Valve Turns Up Its Nose At EA’s Acquisition Advances
Valve Corporation is a private company, one that has suceeded where EA failed, namely; digital stores, customer service and game design. Founded by a bunch of Microsoft refugees, with key founders, Gabe Newell and Mike Harrington, they are veterans in the industry and considered by some as still young. They’ve gone head to head with Vivendi Universal, Activision Blizzard and Blizzard Entertainment and come out on top.
EA has tried “over the years” to buy out Valve, the New York Times reports. The article, published over a week ago and offering a rare glimpse into the quixotic corporate culture of the Valve, cited testimony from two anonymous Valve employees claiming to have knowledge of private discussions between their firm and Electronic Arts. According to the employees, EA has attempted to buy Valve for years, and is prepared to value the company at “well over” $1 billion if the talks had ever become substantial.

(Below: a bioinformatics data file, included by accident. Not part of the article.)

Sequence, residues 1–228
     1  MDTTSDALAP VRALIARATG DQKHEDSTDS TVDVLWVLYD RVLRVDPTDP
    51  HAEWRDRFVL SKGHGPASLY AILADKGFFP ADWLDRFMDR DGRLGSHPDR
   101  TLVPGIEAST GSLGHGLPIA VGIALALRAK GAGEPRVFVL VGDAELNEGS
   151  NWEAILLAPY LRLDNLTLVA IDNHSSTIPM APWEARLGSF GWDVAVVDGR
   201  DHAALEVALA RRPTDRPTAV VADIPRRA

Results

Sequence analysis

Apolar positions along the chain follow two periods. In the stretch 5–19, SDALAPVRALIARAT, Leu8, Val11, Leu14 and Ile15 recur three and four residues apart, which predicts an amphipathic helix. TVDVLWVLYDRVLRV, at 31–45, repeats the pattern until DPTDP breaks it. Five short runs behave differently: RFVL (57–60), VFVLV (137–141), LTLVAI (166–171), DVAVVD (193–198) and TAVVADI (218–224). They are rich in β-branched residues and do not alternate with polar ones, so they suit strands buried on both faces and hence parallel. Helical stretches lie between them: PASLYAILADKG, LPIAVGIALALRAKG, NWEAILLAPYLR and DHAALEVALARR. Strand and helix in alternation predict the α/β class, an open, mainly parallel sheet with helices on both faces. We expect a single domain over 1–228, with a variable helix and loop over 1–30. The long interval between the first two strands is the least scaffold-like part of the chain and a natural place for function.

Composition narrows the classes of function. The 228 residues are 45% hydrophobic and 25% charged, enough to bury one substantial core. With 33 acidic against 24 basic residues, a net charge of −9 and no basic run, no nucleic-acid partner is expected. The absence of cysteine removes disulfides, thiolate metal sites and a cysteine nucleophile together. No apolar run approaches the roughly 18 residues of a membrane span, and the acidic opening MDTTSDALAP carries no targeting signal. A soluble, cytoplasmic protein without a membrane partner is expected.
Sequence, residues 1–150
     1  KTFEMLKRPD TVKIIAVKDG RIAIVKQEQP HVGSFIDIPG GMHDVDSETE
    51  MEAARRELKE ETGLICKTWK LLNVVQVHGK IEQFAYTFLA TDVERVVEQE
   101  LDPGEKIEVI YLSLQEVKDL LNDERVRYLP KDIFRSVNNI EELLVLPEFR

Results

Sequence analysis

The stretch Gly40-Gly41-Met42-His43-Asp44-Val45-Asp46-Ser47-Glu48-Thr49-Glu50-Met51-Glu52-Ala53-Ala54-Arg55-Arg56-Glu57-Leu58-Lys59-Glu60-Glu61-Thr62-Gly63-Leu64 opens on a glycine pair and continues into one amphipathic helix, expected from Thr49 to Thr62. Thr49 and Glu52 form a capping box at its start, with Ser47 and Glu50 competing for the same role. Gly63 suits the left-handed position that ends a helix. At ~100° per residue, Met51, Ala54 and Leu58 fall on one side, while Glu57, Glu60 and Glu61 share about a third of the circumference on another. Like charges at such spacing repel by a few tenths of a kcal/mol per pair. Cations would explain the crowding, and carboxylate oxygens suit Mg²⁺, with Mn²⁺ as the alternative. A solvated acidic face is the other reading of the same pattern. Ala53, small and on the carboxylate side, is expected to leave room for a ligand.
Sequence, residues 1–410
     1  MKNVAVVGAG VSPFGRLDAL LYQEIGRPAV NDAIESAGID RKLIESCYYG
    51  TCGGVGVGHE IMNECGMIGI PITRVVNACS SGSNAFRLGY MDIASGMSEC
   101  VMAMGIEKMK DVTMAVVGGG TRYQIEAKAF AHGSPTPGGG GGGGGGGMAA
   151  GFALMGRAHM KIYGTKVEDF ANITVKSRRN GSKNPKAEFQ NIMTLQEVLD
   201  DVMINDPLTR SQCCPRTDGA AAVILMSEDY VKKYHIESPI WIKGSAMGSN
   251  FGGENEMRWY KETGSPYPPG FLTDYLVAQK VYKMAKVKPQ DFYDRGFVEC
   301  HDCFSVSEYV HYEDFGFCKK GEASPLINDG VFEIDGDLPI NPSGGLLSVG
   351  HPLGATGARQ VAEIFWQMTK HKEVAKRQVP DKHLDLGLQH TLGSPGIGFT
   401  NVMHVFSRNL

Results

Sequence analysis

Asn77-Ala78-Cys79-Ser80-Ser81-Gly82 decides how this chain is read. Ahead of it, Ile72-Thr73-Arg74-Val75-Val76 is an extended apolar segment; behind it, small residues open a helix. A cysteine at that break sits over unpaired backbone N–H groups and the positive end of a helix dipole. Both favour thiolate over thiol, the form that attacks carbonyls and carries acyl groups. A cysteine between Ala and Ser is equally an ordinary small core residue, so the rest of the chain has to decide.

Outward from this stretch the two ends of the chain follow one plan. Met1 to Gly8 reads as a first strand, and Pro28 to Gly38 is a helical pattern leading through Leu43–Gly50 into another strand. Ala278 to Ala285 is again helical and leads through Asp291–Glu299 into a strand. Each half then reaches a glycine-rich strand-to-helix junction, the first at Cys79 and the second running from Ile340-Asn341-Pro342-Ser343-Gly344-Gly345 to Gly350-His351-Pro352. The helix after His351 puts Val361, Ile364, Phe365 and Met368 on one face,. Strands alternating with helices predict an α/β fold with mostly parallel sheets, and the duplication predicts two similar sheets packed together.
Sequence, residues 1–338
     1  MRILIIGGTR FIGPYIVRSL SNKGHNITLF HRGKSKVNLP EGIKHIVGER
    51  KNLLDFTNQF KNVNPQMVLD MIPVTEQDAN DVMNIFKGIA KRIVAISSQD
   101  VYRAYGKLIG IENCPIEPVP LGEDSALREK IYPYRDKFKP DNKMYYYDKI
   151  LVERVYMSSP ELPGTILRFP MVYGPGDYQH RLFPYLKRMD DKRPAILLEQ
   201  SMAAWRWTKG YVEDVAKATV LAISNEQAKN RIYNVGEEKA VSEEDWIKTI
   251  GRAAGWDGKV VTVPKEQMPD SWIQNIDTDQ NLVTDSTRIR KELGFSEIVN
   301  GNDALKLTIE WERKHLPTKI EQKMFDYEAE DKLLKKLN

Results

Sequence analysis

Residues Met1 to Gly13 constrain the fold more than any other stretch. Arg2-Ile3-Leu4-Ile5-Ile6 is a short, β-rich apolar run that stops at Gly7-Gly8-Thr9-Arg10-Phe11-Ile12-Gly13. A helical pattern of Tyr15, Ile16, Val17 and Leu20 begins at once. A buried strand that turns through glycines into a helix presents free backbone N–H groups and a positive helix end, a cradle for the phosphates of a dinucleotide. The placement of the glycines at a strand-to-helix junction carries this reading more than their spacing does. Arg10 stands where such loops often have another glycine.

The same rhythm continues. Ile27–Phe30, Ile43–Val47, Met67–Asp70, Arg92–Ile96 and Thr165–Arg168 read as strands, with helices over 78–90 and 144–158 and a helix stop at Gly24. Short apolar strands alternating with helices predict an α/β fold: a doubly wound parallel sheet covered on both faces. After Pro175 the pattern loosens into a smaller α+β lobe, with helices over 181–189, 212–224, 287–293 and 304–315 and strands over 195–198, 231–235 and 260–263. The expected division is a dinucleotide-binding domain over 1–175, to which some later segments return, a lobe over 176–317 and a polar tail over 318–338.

Gabe Newell wouldn’t acknowledge any potential offers, but he indicated that a buyout – no matter how lucrative – was not part of his company’s vision for the future. Stating that Valve would sooner “disintegrate” than be sold.
“It’s way more likely we would head in that direction than say, ‘Let’s find some giant company that wants to cash us out and wait two or three years to have our employment agreements terminate,’ ”
Even for Electronic Arts, $1 billion is a lot of money – their 2007 purchase of VG Holding Corp, BioWare and Pandemic Studios’ parent company, holds their buyout record at $775,000,000 – but it’s not surprising to see Newell loathe the idea of acquisition altogether. Currently Valve Corporation has a worth estimated to be around the $2.5 billion mark.
Besides, Steam has plenty of steam, so to speak, left for innovative tech in this industry. Their recently launched Big Picture Mode application looks to marry the digital platform and common household television; plus there’s still plenty of AAA software in the pipeline for fans, and allowing a buyout would simply disrupt all of these wonderful things. I mean, who wants to be bought out by the worst company in America anyways?